“[Elephants] live for three hundred years. If, however, they want to have offspring, they go to the east, near the earthly paradise, where a tree called mandragora grows. The elephant and his mate go there, and she picks a fruit from the tree and gives it to him. And she seduces him into eating it; after they have both eaten it, they mate and the female at once conceives. When the time comes for her to give birth, she goes to a pond, and the water comes up to her udder. The male elephant guards her while she gives birth, because the dragon is the enemy of the elephant. If the elephant finds a snake he will kill it by trampling on it until it is dead.”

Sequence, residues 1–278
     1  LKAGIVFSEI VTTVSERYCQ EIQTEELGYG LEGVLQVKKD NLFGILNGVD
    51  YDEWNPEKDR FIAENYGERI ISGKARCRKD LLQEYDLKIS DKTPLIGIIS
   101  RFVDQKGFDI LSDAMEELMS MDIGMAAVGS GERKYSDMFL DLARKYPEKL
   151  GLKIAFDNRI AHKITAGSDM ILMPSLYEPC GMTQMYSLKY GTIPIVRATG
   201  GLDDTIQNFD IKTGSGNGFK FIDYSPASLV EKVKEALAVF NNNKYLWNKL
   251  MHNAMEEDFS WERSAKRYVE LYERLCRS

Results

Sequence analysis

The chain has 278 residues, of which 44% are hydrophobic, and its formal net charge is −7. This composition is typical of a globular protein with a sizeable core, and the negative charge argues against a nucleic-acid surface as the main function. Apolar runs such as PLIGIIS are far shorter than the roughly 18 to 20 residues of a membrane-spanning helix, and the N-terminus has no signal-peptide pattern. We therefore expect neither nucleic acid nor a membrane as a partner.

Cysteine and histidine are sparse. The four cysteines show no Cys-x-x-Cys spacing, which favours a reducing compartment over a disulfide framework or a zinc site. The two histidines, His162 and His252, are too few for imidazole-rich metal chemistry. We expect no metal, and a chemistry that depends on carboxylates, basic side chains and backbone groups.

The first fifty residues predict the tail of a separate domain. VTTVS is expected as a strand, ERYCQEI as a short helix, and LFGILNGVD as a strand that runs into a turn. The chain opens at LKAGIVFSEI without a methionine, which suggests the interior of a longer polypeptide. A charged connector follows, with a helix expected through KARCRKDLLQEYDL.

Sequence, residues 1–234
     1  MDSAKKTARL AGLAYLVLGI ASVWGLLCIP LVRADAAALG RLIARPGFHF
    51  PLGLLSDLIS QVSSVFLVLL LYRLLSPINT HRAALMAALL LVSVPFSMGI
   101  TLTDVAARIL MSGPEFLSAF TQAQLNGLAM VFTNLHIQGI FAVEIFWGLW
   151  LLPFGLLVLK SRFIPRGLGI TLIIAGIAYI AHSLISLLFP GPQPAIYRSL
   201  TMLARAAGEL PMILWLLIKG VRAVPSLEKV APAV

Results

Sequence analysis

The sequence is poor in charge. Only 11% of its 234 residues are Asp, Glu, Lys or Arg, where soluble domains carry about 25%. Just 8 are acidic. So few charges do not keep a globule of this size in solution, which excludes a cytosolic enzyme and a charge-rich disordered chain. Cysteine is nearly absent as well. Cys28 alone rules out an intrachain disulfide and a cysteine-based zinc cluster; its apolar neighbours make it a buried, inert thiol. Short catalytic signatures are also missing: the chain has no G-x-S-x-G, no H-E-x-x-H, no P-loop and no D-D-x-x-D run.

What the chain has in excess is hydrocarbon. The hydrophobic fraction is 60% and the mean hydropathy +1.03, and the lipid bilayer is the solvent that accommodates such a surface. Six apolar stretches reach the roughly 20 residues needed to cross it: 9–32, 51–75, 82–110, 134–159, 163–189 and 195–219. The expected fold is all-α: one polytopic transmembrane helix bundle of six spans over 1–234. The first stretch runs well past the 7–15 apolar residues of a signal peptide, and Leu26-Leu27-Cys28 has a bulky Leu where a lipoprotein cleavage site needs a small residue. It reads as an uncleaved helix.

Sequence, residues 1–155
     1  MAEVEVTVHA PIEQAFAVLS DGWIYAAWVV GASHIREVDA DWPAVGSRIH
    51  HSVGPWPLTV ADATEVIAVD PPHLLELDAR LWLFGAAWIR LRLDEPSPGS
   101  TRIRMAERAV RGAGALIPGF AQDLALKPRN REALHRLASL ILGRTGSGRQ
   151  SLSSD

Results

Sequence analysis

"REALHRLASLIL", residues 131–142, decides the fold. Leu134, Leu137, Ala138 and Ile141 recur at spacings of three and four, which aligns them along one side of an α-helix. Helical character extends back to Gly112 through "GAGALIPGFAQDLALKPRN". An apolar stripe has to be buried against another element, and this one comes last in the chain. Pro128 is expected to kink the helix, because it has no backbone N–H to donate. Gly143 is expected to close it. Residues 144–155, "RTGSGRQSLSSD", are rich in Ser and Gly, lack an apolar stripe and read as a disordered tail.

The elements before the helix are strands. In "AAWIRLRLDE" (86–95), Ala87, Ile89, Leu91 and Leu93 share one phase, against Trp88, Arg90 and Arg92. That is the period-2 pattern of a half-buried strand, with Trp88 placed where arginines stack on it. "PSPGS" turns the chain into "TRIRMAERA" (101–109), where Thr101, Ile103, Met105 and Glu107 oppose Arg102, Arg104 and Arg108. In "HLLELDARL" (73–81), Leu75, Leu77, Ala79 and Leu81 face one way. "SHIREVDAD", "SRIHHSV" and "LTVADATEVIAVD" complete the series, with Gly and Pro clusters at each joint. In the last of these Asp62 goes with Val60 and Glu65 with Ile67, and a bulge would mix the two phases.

As the writer later points out more obviously, this tale draws a clear parallel between elephant reproduction and original sin. Adam is the male elephant and Eve is the female, seducing him to fall.

But there may be more to the whole mandragora business than just allegory as elephants have been observed to self-medicate in order to induce labour. A heavily pregnant elephant walked for miles to find a tree that elephants don’t normally eat from and devoured it completely. Four days later, a calf was delivered.

Furthermore, elephants are also known to practice water births.


Hyenas are always described as unclean and depicted hauling corpses out of graves to eat. They can paralyse an animal by looking at it three times and have a stone in its eye that allows people to tell the future if placed under their tongue. But the other interesting about them is that they’re also described as sometimes masculine and sometimes feminine.